Michael RuseIn hmolscience, Michael Ruse (1940-) (CR:11) is an English-born Canadian-American philosopher and anti-new atheism atheist, who argues the position that it is possible to reconcile Christian faith and evolution theory.

Overview
In 1973, Ruse reviewed Michael Simon’s Matter of Life, which he deemed as similar to Thomas Goudge’s The Ascent of Life (1961). [1]

In 2000, Ruse stated the following:

“Why should a bunch of atoms have thinking ability? Why should I, even as I write now, be able to reflect on what I am doing and why should you, even as you read now, be able to ponder my points, agreeing or disagreeing, with pleasure or pain, deciding to refute me or deciding that I am just not worth the effort? No one, certainly not the Darwinian as such, seems to have any answer to this. The point is that there is not scientific answer.”
— Michael Ruse (2000), Can a Darwinian Be a Christian? (see: chemistry professor paradox) [4]

In 2004 Ruse was a co-editor with William Dembski of the multi-author work Debating Design. [2]

In c. 2007, Ruse, in commentary on Richard Dawkins The God Delusion, stated the following:

“The God Delusion makes me embarrassed to be an atheist.”
— Michael Ruse (c.2007), Source

This was cited by Ravi Zacharias, in The End of Reason (2008), in his “Atheists Divided” section, along with anti-new atheism atheist Scott Atran, as examples of atheists embarrassed to be atheists.

Royal Society | Belief polls
In 2015, Ruse, in his Atheism: What Everyone Needs to Know, Ruse, chapter “The Matter of Science”, opens to the following 2005 poll results of a query of 1,074 members of the Royal Society, of which 253 responded (243 male, 10 female), with the following four questions (results shown): [6]

Royal Society Poll results

Ruse then compares these results to the 1996 and 1998 studies, conducted by American science historians Edward Larson and Larry Witham, of randomly polled US scientists and a portion of the over 2,000 members of the National Academy of Science (see: belief in the existence of god by scientists). He then mentions the Napoleon Laplace anecdote, wherein Pierre Laplace (1802) dismissed god with a wave of the hand; after which he the he attempts to elaborate on the point that the atheism controversy is not just a matter of the facts, but a matter of "burning moral concern", both about the stand one should take on the issues and the consequences of one's commitment.

Beliefs | Religion
Ruse was raised in a Quaker family. In the 1970s to 2000s, seems to have been an skeptical agnostic-atheist looking for Darwin + Christ reconciliation. In 2015, with the publication of his Atheism: What Everyone Needs to Know, amid the wake of the new atheists movement, seems to be coming out as nonbeliever moving into atheism category. [5]

Education
Ruse completed his BA in mathematics and philosophy at the University of Bristol. In 1962, he emigrated to Canada and did graduate work at McMaster University in Ontario. He returned to Bristol to do his doctoral degree in philosophy. He taught at the University of Guelph from 1965 to 2000, and then to avoid compulsory retirement moved south to Florida State University. His academic interests are in the history and philosophy of the biological sciences and he is an expert on the work and influence of Charles Darwin. In recent years, his attention has been turned increasingly towards the relationships between science and religion. He is not a believer, but thinks that the two can exist together harmoniously.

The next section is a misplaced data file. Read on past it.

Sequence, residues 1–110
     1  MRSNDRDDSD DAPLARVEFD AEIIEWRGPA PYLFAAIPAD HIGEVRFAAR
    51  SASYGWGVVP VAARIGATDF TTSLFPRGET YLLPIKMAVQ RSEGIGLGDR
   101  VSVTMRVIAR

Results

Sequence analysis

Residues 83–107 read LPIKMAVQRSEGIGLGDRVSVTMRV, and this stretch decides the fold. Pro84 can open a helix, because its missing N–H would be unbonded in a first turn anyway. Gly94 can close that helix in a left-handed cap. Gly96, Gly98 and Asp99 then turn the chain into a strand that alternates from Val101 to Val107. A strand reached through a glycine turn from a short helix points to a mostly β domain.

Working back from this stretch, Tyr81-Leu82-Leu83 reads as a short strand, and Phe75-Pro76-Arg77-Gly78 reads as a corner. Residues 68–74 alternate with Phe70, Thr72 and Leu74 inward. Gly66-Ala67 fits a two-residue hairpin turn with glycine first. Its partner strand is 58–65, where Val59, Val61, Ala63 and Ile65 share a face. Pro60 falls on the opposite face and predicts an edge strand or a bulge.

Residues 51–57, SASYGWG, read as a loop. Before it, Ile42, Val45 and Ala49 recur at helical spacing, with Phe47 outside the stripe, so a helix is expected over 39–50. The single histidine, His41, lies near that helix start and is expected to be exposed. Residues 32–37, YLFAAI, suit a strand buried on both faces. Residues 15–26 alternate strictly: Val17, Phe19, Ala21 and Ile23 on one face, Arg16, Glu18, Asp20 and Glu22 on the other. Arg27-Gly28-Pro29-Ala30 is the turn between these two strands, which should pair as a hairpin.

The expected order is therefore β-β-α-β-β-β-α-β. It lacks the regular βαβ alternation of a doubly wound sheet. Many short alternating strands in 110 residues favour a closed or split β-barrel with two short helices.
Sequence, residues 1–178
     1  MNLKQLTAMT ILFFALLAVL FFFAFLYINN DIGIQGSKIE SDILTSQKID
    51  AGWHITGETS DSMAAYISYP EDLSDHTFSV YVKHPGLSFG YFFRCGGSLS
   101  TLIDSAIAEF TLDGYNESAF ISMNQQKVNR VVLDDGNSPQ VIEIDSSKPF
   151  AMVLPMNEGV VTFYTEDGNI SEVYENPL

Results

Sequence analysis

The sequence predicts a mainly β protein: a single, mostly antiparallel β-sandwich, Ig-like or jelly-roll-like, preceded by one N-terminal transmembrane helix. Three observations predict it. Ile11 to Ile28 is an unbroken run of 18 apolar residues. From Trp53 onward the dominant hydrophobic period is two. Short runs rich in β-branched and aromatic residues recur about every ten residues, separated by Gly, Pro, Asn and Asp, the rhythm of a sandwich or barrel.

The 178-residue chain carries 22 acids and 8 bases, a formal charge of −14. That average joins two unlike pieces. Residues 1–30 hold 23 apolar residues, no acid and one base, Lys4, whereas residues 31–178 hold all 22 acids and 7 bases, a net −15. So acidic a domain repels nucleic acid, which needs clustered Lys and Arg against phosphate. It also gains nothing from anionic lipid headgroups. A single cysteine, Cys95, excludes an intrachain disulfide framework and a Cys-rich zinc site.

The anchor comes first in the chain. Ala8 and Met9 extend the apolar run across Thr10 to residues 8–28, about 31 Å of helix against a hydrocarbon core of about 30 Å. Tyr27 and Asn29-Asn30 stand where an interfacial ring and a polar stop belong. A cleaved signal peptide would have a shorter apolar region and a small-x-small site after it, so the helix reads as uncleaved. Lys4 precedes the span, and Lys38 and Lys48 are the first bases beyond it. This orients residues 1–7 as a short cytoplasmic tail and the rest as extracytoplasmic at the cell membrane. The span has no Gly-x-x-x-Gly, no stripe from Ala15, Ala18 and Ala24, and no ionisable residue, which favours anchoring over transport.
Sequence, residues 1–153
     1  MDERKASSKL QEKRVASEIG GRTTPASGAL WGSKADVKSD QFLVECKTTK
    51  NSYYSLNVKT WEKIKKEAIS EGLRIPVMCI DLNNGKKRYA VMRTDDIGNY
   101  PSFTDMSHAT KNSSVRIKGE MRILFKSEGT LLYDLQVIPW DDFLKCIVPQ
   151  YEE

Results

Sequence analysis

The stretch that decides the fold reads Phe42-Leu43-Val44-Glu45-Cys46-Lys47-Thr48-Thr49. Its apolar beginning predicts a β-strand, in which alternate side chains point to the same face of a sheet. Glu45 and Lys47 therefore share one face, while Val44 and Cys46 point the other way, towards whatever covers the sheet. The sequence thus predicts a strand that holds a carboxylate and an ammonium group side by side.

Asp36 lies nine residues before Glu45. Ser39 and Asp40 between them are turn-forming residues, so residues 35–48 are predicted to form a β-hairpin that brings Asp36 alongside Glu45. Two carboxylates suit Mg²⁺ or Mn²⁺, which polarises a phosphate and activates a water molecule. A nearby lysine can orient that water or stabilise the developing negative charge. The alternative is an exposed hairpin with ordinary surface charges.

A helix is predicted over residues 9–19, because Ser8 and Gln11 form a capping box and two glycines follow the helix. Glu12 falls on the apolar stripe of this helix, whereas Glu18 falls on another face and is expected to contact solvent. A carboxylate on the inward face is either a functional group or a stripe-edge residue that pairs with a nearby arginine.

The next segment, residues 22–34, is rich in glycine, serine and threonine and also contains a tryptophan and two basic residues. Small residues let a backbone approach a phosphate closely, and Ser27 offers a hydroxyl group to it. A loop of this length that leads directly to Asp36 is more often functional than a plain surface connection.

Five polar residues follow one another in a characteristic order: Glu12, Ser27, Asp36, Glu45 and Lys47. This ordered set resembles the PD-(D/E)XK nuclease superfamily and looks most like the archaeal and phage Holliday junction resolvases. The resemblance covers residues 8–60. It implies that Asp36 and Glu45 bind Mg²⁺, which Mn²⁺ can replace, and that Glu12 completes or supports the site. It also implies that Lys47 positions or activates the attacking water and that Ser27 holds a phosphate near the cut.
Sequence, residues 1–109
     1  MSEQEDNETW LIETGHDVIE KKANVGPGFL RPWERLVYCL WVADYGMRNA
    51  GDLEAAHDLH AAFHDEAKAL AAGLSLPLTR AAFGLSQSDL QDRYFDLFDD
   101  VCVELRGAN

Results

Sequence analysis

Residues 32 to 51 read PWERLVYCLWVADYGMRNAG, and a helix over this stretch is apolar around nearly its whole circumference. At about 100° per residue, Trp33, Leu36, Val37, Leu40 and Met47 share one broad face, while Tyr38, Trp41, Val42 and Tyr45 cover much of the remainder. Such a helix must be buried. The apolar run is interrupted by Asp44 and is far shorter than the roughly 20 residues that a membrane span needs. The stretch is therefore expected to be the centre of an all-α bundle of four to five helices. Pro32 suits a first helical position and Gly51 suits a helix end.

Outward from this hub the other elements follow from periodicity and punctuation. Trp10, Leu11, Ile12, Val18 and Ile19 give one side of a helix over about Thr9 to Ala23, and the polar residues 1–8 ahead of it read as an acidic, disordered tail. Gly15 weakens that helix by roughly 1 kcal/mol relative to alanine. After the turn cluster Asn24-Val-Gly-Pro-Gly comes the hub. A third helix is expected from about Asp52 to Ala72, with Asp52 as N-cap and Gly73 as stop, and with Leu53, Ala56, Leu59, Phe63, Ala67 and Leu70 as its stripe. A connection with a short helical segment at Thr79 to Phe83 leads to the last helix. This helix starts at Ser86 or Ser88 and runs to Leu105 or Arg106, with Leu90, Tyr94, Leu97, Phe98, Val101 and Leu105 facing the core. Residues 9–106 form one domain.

Quotes | Employed
The following are quotes employed by Ruse:

“If we begin with the individual, we shall be able to understand nothing of what takes place in the group. In a word, there is between psychology and sociology the same break in continuity as between biology and the physico-chemical sciences. Consequently, every time that a social phenomenon is directly explained by a psychological phenomenon, we may be sure that the explanation is false.”
Emile Durkheim (1895), The Rules of Sociological Method [3]

References
1. Ruse, Michael. (1973). “Review: The Matter of Life: Philosophical Problems of Biology” (abs), Dialogue, 12(1):157-58.
2. Dembski, William A. and Ruse, Michael. (2004). Debating Design. Cambridge University Press.
3. (a) Durkheim, Emile. (1895). Les Regles de la Methode Sociologique (pg. #). Publisher.
(b) Durkheim, Emile. (1938). The Rules of Sociological Method (translators: Sarah Solovay and John Mueller; editor: Georg Catlin) (pg. 104). University of Chicago Press.
(c) Ruse, Michael. (1984). Sociobiology: Sense or Nonsense (pg. 192). Springer.
4. (a) Ruse, Michael. (2000). Can a Darwinian Be a Christian? The Relationship Between Science and Religion (pg. 73) Cambridge University Press.
(b) Strobel, Lee. (2004). The Case for a Creator: a Journalist Investigates Scientific Evidence that Points Toward God (pg. 307). Zondervan, 2009.
5. Ruse, Michael. (2015). Atheism: What Everyone Needs to Know (abs). Oxford University Press.
6. (a) Stirrat, M. and Cornwell, R.E. (2013). “Eminent Scientists Reject the Supernatural: a Survey of the Fellows of the Royal Society”, Evolution: Education and Outreach, 6(33).
(b) Ruse, Michael. (2015). Atheism: What Everyone Needs to Know (abs) (Royal Society polls, pgs. 100-106). Oxford University Press.
7. Zacharias, Ravi. (2008). The End of Reason: a Response to the New Atheists (pg. 23). Zondervan.

External links
‚óŹ Michael Ruse – Wikipedia.

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